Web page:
Former state Supreme Court Chief Justice Ralph Cappy yesterday said a lawsuit alleging that he negotiated a plaintiff's rights in exchange for a larger paycheck for himself and fellow justices was "preposterous," and he criticized both the League of Women Voters, who filed the suit, and its lawyer.
A second Supreme Court justice and the House Republican leader yesterday issued angry denunciations of the lawsuit, which they called frivolous and even slanderous.
The suit, which in many ways mirrors an earlier case that was dismissed by a federal court, marked the latest round in efforts by reform groups to pry open the courts and force legislators and justices alike to the witness stand. Three years ago, the contentious legislative pay raise issue triggered an upheaval in Harrisburg.
Yesterday, it was Mr. Cappy, who retired in January, who erupted, issuing a two-paragraph statement about the suit.
"I do not understand why a respected organization such as the League of Women Voters would associate itself with this irresponsible lawsuit, especially since the charges consist of falsehoods, speculation and innuendo," read Mr. Cappy's statement, which was released through the court's administrative offices.
The allegations are these: In 2005, as members of all four legislative caucuses worked to put together a bill granting pay raises that in some instances approached 30 percent, then-Justice Cappy met with members of one of the caucuses to lobby for a raise for the high court and the rest of the state's judges.
At the time, the League of Women Voters had filed a lawsuit with the state courts to overturn Act 71, which legalized casino gambling in the state.
The lawsuit quotes several unnamed legislators, one of whom gave this account:
"[A]t some point during the Pay Raise Negotiations defendant proclaimed to members of one of the legislative caucuses that 'he needed the pay raise to secure the votes of Republican justices' on cases important to that legislative caucus," the suit says.
The suit quotes another legislator, described in the complaint as "House Member A," saying he "had run into Justice [Ronald] Castille at the Golden Sheaf restaurant at the Harrisburg Hilton Hotel and inquired about the Act 71 Litigation, to which Justice Castille gave a 'wink and a nod' to House Member A which he/she interpreted as clearly indicating and communicating that Act 71 would be held constitutional."
That same unidentified House member is also reported in the suit as having "witnessed Justices Castille and Eakin leaving a closed door meeting" held in the offices of then-Majority Leader Sam Smith, R-Punxsutawney.
Yesterday, Justice Castille, who succeeded Mr. Cappy as chief justice, issued a furious response, calling the lawsuit "ludicrous in every respect," saying it "slanders the entire Supreme Court of Pennsylvania" and suggesting that "the filing parties may have subjected themselves to sanctions, and the attorney may have subjected himself to disciplinary action."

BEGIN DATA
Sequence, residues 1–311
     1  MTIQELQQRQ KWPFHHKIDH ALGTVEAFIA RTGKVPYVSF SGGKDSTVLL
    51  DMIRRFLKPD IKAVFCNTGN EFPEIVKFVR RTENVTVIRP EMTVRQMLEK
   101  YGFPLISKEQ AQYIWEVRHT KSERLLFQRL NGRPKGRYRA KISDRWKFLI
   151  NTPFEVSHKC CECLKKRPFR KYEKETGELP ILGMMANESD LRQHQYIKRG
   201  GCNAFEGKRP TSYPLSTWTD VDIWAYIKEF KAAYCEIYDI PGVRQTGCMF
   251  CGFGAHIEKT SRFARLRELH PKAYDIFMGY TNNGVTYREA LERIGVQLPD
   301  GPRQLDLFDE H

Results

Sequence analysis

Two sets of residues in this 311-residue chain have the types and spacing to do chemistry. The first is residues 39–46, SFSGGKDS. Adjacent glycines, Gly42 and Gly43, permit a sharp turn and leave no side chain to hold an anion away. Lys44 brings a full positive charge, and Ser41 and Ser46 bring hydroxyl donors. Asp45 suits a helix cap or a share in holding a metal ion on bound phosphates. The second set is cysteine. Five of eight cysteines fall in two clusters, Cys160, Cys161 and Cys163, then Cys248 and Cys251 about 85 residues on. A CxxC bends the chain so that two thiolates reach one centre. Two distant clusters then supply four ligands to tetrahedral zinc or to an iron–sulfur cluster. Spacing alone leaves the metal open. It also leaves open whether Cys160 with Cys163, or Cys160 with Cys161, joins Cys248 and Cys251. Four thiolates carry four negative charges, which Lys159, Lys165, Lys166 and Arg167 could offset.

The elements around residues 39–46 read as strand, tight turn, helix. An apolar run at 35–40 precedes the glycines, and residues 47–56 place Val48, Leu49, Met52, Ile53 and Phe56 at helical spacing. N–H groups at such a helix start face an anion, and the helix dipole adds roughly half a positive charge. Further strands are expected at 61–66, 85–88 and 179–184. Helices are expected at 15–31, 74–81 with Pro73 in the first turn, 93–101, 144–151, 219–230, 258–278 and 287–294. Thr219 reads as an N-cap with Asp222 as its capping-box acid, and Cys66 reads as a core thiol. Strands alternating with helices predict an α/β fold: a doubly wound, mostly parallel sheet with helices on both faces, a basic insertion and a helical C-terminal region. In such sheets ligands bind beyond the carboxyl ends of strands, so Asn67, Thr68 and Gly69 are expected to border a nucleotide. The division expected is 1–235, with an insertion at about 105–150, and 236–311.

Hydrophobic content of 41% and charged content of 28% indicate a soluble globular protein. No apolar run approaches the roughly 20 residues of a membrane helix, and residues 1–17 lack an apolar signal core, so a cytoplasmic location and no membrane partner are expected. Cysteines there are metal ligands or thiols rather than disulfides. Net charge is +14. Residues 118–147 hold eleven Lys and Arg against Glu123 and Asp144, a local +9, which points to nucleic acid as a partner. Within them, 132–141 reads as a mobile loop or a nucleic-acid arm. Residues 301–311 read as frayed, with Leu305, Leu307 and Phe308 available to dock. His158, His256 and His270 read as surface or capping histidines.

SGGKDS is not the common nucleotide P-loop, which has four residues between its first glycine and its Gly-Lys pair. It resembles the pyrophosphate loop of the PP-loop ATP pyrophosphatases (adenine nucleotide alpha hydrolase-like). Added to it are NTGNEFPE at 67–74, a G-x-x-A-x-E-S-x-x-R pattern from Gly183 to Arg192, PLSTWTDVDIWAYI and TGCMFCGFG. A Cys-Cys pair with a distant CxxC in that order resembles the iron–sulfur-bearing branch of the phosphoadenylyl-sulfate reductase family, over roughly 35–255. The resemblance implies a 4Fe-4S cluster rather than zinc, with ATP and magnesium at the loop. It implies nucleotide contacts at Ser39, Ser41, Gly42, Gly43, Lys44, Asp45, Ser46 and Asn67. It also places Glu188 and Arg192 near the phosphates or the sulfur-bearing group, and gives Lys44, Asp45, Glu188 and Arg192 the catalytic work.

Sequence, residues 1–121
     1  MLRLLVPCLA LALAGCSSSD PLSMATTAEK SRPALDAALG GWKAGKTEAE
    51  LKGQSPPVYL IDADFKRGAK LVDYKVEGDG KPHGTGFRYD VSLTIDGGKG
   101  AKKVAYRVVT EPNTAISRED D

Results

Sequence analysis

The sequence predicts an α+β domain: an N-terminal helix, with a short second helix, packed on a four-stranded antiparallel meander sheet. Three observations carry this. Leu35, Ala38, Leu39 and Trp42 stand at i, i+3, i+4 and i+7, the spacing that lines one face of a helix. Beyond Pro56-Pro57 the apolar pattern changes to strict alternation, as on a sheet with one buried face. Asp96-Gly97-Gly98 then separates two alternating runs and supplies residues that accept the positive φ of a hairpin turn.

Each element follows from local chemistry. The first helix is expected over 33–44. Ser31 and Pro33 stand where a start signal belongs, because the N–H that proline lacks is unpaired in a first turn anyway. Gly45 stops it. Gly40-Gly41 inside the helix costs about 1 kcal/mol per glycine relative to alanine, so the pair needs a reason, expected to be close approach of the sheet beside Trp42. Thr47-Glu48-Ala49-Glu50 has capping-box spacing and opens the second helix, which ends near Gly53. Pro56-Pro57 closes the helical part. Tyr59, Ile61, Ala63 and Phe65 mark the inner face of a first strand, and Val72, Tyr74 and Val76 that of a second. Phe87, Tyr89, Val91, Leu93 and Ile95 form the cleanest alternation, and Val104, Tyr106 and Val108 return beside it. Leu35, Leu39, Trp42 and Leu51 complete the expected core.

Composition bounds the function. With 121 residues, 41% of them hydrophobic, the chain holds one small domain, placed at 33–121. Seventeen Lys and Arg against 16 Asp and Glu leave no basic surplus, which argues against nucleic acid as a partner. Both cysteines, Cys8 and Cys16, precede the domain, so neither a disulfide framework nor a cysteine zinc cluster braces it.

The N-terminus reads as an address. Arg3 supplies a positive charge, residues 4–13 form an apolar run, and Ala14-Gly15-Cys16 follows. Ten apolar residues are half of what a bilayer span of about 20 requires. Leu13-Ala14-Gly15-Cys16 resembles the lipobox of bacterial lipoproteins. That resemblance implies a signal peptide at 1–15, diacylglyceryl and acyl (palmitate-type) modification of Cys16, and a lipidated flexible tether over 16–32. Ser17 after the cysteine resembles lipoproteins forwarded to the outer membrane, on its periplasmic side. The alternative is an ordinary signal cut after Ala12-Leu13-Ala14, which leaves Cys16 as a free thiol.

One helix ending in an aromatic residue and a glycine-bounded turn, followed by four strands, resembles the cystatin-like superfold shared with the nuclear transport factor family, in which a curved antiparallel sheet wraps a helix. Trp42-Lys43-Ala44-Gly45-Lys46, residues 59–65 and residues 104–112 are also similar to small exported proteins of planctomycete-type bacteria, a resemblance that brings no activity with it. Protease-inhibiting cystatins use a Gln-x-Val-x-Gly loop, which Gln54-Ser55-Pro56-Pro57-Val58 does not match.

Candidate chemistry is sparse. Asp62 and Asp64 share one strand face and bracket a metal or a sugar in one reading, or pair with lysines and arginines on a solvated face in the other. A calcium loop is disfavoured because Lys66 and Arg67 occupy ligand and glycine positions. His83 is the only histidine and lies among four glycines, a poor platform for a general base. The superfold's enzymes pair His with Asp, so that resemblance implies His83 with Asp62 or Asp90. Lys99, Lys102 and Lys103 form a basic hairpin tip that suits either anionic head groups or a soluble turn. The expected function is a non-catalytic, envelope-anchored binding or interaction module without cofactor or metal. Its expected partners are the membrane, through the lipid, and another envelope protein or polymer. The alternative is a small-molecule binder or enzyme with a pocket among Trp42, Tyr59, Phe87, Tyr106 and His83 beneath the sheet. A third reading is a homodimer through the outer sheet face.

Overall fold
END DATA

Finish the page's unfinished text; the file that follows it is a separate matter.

Mr. Smith issued a statement calling the suit's assertions of a closed-door meeting "reckless and beyond frivolous."
"I was an outspoken opponent of the slots bill," Mr. Smith added.
Two years ago, Paul A. Rossi, acting on behalf of Common Cause of Pennsylvania, alleged collusion between the Supreme Court and legislative leaders in the passage of the pay raise. That suit was dismissed by U.S. District Court in Harrisburg. Common Cause is currently appealing that decision to the 3rd U.S. Circuit Court of Appeals.
The latest suit, as did the former, relies on unidentified legislators who purportedly gave inside information to plaintiffs about the handling of the pay raise issue. Mr. Rossi, who is now the league's attorney for the suit, said the league only became aware on May 19, 2006, after the Common Cause suit was filed, about purported suggestions about pending cases being at stake.
At the time, Mr. Rossi said, they did not realize that Justice Cappy could have been referring to their case.
The league filed its suit Monday, the date the statute of limitations on that information was to expire, Mr. Rossi said.
"Plaintiff contends it is a violation of plaintiff's right to due process of law under the Fifth and Fourteenth Amendments to the United States Constitution for a judge to suggest a desired legislative outcome would have any impact on a case pending before that judge or justice even if the suggestion was merely a bluff, a misstatement, slip-of-the-tongue, or, even if the decision was not actually altered by the desired legislative outcome," the suit contends.
The accuracy of the unnamed legislator's account of Justice Cappy's purported remarks was hard to determine. Mr. Rossi acknowledged that the person was not present in the room during the comments.
"It's one removed by that, but it's a chain by which it's still admissible evidence. It's not third-, fourth-hand removed. It's from inside the caucus," Mr. Rossi said.
He declined yesterday to identify any of the legislative witnesses, suggesting that could come during the discovery phase of the case.
"Why don't I name them? Because members who speak out of turn have hammers brought down upon them," Mr. Rossi said. "I spoke to them and they re-verified everything they alleged. I said there will be depositions and I believe these members will testify truthfully in the depositions."
Correction/Clarification (published 5/22/08) -- The first name of Paul Rossi, attorney for the League of Women Voters in its lawsuit against former Supreme Court Chief Justice Ralph Cappy, was omitted in a story yesterday. Dennis Roddy can be reached at firstname.lastname@example.org or 412-263-1965.